As fun and easy as it would be to say that a pissaladière is a French pizza, it’s very much not. Sure, it has a yeasted dough. It’s savory. Leftovers are delicious for breakfast. It even sounds a bit like you started to say “pizza” and got lost in another language on the way. Instead, the etymological and cultural origins of pissaladière are derived from something decidedly not pizza-like: a salted, fermented fish condiment.
Originating from the Nice region of France, pissalat (or pissala) is made by layering baby anchovies and sardines with salt, spices, and herbs, and fermenting the mixture for 45 days before pressing through a sieve to remove the tiny bones. While less common now, it is still possible to find artisanal pissalat. According to Rosa Jackson, a Canadian expat, food writer, and owner of Les Petits Farcis, a cooking studio in the Old Town of Nice, fishermen continue to make pissalat in the Niçoise region during the month of May, when anchovies are in season. Early versions of pissaladière were spread with the potent fish paste before a layer of onions was added.
Today it is more common to employ whole, fully-grown anchovies, scattering them and small Niçoise olives across a thick layer of deeply caramelized onions. The base remains a yeasted dough. “It has to be an olive oil-based bread dough, not a pastry base,” says Jackson. “It’s similar to the bread dough that’s used in a fougasse.”
Treasured as a street food and often sold and eaten as a late-morning or early-afternoon snack in Nice, pissaladière is easily—and regularly—made in the home. Mimi Thorisson, the author of A Kitchen in France and French Country Cooking, says her “favorite time to serve it is lunchtime with a salad and a little glass of wine.”
While the ingredients and techniques are simple, each of the following tenets are key in creating a superior pissaladière at home. The final—some might say most important—rule lies outside the kitchen: always serve with well-chilled rosé.
While Julia Child did say you can use a puff-pastry base (and who are we to cross swords with Julia), an authentic pissaladière requires a yeasted, olive-oil-rich dough at its base. Thorisson calls the base “a French focaccia” with origins just across the French-Italian border in Italy’s Liguria. According to Jackson, the final dough should be “slightly thicker than a pizza” but also “shouldn’t be outrageously doughy.” It’s this textural balance that makes all the difference in the final pissaladière.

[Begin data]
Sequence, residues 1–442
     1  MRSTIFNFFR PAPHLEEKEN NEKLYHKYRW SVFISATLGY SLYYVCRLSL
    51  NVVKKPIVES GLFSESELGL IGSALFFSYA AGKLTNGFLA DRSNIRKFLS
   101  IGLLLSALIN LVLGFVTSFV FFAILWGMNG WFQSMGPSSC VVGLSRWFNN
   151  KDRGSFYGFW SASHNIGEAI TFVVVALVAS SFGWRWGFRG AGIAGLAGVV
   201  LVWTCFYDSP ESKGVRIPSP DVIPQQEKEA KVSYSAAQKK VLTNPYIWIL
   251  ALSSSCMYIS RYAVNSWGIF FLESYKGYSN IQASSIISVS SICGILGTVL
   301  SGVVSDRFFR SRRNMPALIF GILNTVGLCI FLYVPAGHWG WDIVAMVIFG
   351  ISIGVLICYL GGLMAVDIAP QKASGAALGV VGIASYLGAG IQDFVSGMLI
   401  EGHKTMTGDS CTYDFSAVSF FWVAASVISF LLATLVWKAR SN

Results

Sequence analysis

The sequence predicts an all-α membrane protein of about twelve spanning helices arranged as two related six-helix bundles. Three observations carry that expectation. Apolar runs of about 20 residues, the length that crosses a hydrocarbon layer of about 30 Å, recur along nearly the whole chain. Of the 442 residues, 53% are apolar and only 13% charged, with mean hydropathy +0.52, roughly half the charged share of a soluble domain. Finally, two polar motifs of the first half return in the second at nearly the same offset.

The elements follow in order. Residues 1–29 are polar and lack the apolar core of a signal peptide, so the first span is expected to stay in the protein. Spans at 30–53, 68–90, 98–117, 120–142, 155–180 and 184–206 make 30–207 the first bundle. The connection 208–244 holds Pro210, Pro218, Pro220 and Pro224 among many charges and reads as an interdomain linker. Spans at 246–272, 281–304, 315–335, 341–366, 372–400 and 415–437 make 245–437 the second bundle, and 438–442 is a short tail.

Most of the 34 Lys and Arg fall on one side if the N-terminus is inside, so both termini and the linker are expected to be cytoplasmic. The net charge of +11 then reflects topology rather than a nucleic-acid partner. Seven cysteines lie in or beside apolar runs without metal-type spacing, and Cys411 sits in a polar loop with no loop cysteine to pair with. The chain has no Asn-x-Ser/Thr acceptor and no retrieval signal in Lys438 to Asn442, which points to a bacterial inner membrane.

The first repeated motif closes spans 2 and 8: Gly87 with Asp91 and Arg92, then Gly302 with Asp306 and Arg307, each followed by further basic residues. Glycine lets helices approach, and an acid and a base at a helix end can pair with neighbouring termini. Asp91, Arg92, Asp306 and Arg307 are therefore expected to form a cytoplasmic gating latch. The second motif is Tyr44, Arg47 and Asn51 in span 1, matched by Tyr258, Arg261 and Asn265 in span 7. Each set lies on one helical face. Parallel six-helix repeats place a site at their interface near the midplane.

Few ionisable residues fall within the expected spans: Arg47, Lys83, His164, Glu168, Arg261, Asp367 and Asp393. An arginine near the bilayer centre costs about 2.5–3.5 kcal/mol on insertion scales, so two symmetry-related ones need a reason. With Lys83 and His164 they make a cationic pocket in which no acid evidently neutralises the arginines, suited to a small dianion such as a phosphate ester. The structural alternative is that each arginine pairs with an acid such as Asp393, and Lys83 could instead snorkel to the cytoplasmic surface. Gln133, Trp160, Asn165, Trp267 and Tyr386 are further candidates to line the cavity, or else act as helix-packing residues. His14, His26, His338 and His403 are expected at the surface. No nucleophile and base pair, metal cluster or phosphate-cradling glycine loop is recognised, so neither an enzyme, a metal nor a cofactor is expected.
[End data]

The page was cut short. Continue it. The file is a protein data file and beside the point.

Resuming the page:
A thick layer of deeply caramelized onions anchors any good pissaladière. According to Larousse Gastronomique, “a good pissaladière should have a layer of onions half as thick as the base if bread dough is used.” To concentrate their sweet, savory flavor and achieve a jammy texture, onions should be cooked low and slow for upwards of an hour or two. Jackson uses a deeper pan to ensure the onions don’t brown too quickly, covering them with a parchment round to keep the moisture in for most of the cook time. “You’re really melting the onions,” she says. “When they’ve gotten really, really soft, you can let them brown. At that stage you need to stir them constantly to make sure they get an even color.” The final color should be deep golden, as the onions will continue to cook in the oven.
Anchovies are the fishy reason we have pissaladière in the first place and are not to be skipped. Some cooks toss them in the pan with the onions, allowing the little fish to melt in and infuse the final tart with their umami flavor. Others layer them over the top, adding punches of briny flavor in decidedly artful designs. Thorisson prefers to make a modern take on the pissalat, a trick she learned from her aunt on the French side of her family. “You often see pissaladière with anchovies in a crisscross pattern, but that’s so salty,” she says. “I opt for making a modern paste of five to eight anchovies packed in oil mixed with the same number of sardines.” Whichever way you go, seek out the highest-quality fish.
The olives used in a pissaladière are the small, black Niçoise variety. If you can’t find them, substitute Kalamata or another brine-cured black olive but know it’s not going to give you a truly authentic Niçoise pissaladière.
When asked what people drink with pissaladière, both Jackson and Thorisson are very clear: rosé. While not an ingredient in the pissaladière itself, the Provençal wine is a key component to a Niçoise table. “Rosé is what people typically drink in Nice,” says Jackson. “It’s light, crisp, and cold, produced all around the region, and goes really well with Mediterranean food.”